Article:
Nice Beatrix Potter ref there I grew up in the country, in Gloucestershire in the South West of England. Now I live in a big city and I enjoy the fact that I’m at home in either place. Tube trains don’t faze me, neither do cows. A lot of the time in my writing though, I try to bring the countryside into the city – I’m thinking about the ‘White Horse’ poem or ‘Covent Garden’. I’ve just written another (tartan-type) city flower stall poem – there’s something wonderful about being walloped with the scent of roses on the Balham High Road, in between the kebab shop and the bus stand. Maybe if I moved back to the country, I’d write sky-scrapers-in-the-wheat-field poems, just so I could keep both my homes by me at the same time.

Which came first the poetry or the promoter?

I had started tentatively writing poetry before I moved to London to work for the Poetry Book Society (where the Natty Knitter and I met, blog-clickers) but the deeper I got into the poetry village here, the more I wrote, and vice versa. Would I have written the way I have if I’d have carried on working in the theatre or arts centres? Not sure. Perhaps I’d have been quieter and shyer about it.

You’re quite a fixture on the poetry reading scene in London, do you still get nervous before you read?

I don’t get that nervous – there’s only so much that could go wrong that’s within my control. If I’ve got my book with me and I haven’t got loo roll stuck to my shoe, I’m half way to a decent reading already. And if a mad dog bursts into the venue or the fire alarm goes off mid-sonnet, I’ll just deal with it, and hope that people are so impressed by my stoical unflappability that they’ll buy double books after the reading.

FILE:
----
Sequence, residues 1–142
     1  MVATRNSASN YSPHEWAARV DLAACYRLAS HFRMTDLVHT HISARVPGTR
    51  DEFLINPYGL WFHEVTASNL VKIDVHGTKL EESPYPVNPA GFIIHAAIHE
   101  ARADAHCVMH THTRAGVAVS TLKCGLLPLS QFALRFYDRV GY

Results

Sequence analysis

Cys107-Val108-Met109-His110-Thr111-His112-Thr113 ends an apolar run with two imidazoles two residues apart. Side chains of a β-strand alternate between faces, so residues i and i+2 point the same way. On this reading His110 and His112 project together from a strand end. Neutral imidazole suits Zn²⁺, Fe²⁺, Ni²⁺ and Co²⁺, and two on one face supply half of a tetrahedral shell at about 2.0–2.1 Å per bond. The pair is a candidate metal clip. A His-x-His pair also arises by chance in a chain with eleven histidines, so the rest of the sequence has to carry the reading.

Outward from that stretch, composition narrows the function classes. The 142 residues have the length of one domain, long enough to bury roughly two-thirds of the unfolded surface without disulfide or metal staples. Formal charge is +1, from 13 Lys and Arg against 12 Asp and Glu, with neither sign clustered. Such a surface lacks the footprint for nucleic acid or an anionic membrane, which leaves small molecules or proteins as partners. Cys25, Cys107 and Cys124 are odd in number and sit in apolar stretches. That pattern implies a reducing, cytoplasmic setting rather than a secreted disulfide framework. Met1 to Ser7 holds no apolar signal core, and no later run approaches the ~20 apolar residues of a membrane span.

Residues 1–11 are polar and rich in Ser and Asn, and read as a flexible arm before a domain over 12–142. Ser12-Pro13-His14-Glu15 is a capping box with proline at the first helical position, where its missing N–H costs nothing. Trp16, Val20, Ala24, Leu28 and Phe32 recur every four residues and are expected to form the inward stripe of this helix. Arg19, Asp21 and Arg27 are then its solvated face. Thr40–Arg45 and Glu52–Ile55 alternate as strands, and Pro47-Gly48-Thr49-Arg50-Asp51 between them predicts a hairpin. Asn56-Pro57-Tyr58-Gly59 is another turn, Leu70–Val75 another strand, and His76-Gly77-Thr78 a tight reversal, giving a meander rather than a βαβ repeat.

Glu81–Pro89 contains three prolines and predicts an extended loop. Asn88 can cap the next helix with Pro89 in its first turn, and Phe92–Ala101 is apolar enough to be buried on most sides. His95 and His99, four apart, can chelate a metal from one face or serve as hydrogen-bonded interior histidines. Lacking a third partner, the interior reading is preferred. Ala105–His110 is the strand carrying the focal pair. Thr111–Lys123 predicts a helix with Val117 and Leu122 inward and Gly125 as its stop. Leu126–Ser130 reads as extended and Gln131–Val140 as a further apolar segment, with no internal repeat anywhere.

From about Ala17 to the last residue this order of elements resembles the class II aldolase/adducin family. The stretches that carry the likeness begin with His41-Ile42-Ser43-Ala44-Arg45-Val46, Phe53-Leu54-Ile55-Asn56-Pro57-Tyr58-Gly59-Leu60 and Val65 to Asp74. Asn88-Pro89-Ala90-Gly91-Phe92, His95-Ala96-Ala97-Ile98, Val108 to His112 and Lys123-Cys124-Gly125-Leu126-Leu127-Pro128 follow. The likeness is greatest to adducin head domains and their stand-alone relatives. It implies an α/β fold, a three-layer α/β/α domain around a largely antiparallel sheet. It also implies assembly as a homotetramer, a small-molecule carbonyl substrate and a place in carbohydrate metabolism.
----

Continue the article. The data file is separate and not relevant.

What are you working on at the moment?

I have just written a poem version of a James Bond film credit for girls, ahem. And I want to write a poem about monkey puzzle trees, before I forget about them. My friend Alice http://www.hollowaysmithfemme.co.uk/ (who made me a brooch to wear to my book launch) is going to mount a jewellery & photography exhibition based on poems by me & six others, I’m highly excited about that. And another thing I found in my mum’s house is a load of my grandma’s unfinished patchwork. There might be a project there …

Please can you chose an item from Etsy that you like the look of

and these would always be handy

http://www.etsy.com/view_listing.php?ref=cat2_galley_7&listing_id=20077941

Thank you very much for the interview. May I now retire to the green room for my complimentary fruit tea and muffins? Yes, you may Julia. If you want to know more about Julia and her excellent work, try these links:

www.juliabird.wordpress.com

http://www.saltpublishing.com/books/smp/9781844714230.htm

Buy Hannah and the Monk on Amazon

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3 Comments

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3 responses to “The Word Weaver – an interview with poet Julia Bird

  1. Julia, That’s a lovely poem! Thank you very much for your appreciation of my product. I am flattered.

    NattyKnits, thank you very much for the great interview!

    -siiri

  2. Love it! Excellent interview, awesome poem, rockin’ cool Etsy choices 😉

  3. Pingback: … it’s like tartan. « Julia Bird